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Reflecting on the Josh Gordon era after an abrupt ending

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Seattle Seahawks v Carolina Panthers Photo by Grant Halverson/Getty Images

Fans of the Seattle Seahawks were shocked on December 16th when Josh Gordon was suspended by the NFL for violating policies on restricted substances.

After the initial storm of emotion, the week got even worse: Josh Gordon had tested positive for both PEDs and substances of abuse. To set the record straight, we don’t know what those substances were, and likely won’t know their names unless something gets leaked.

Not to be outdone, on December 20th, Al Woods was suspended for four games for PEDs as well. It’s the most concentrated dose of Seattle drug incidents since the Adderall phase of 2011-13.

But Josh Gordon made the news for a day in a way that not even Myles Garrett accomplished this season. It’s been covered by every semi-sports related news outlet that I have been able to find. Some talk about Gordon’s past, some about NFL policy, some about drugs, and some just quote what other people think about it.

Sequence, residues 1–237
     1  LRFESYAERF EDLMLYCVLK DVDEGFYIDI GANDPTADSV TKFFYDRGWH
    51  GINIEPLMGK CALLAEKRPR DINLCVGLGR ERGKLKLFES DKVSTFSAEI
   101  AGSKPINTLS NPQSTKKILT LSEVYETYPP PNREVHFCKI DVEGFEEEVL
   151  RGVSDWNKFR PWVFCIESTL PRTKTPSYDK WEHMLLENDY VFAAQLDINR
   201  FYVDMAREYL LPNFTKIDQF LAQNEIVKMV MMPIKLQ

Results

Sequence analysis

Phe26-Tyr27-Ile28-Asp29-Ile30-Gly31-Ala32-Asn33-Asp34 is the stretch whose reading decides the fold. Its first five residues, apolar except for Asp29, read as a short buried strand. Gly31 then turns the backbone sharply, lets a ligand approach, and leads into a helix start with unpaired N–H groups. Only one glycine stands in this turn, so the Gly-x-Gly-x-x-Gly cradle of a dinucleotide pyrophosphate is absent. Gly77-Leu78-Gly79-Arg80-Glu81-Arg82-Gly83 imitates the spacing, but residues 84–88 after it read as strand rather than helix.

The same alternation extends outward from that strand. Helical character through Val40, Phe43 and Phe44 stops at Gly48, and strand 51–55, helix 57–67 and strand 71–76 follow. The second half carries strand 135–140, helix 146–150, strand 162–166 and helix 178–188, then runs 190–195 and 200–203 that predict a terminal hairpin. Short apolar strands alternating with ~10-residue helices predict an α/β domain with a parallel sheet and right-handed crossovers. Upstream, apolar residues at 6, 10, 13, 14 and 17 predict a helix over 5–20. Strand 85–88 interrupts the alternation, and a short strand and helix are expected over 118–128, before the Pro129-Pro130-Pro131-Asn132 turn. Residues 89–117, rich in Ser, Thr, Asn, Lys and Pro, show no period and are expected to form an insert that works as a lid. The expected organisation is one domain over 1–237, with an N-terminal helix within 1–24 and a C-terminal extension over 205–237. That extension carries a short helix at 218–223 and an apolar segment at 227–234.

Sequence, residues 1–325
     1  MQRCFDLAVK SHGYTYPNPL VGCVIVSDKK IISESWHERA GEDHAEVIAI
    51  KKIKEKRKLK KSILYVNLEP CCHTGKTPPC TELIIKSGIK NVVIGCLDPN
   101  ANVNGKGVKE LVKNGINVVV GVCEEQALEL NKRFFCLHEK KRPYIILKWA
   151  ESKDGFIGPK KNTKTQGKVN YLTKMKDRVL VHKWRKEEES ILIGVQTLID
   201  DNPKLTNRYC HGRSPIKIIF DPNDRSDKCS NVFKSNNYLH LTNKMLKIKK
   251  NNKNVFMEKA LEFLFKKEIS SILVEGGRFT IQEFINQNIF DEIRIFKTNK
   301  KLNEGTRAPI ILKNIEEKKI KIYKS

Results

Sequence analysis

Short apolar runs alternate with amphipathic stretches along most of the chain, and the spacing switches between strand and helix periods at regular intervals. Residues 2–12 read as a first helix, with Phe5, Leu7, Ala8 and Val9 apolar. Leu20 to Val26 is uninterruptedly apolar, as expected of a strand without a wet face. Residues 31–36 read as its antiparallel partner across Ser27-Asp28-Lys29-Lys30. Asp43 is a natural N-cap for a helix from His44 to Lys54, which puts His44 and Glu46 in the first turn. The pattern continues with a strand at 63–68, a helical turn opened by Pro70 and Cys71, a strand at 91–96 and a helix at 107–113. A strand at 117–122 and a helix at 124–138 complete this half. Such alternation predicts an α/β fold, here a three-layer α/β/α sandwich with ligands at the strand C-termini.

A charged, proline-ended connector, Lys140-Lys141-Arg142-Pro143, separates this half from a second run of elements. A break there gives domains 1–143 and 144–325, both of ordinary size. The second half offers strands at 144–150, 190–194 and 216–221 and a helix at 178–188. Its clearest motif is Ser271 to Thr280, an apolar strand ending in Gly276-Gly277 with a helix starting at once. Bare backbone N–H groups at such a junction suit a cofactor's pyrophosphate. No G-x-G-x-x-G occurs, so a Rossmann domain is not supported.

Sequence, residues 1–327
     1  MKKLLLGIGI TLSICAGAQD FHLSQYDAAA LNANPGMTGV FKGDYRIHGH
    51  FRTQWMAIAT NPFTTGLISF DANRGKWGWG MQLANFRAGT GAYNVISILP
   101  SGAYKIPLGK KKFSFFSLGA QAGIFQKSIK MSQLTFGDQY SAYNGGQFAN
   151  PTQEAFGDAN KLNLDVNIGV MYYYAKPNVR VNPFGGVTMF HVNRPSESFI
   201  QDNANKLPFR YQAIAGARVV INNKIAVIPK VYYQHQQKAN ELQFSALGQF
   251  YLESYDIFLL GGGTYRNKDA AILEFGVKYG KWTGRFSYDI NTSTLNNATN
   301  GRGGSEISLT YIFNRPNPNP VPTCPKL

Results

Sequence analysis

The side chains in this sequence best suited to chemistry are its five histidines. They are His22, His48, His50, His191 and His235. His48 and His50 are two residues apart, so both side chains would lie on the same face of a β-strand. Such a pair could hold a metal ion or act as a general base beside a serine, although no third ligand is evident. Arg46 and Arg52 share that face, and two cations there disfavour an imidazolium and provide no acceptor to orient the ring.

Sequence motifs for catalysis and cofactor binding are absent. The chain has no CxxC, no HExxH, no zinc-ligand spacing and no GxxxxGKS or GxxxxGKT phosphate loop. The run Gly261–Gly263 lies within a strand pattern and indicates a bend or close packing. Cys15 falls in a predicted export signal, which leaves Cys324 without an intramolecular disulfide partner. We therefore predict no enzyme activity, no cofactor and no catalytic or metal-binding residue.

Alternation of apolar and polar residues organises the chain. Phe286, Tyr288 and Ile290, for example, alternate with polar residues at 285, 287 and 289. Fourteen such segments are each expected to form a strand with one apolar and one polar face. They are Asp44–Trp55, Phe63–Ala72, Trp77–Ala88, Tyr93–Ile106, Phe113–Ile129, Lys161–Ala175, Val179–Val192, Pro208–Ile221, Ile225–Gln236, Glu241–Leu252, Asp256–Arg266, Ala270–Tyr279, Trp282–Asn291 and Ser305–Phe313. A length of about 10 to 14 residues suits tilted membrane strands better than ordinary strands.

But Josh will end the 2019 season as a Seahawk, but he will be an unrestricted free agent if he is ever able to gain reinstatement from the league.

Therefore, it’s appropriate to take one more look at the short and flashy tenure of Josh Gordon the Seahawk.

Because whatever you may think of Gordon, Week 15 stands as either the best or second best catch of the entire season for the Seahawks. This compares only with Tyler Lockett’s 6% TD reception or however hard the nerds said that catch was.

Step 1: Be good enough to do this:

Step 2: Be saavy enough to do that:

Madness.

But it does beg the question, how will you think of the Josh Gordon situation? He is a truly special athlete with a truly powerful drug problem. I’ve seen minimum eight different opinions floated around in various circles, and I’m sure there’s more.

I have, for the sake of decorum, not included any of the fans or pundits who are associated with any of these opinions. Some are mine, many are not. This is a conversation that the NFL, owners, coaches, NFLPA, fans, college coaches, NCAA, parents and athletes all need to continue. I think the NFL tends to handle only one important problem at a time (domestic violence, patriotism, CTE, how badly to punish the Patriots). Drugs of all kinds are going to be more involved with the NFL’s future, not less.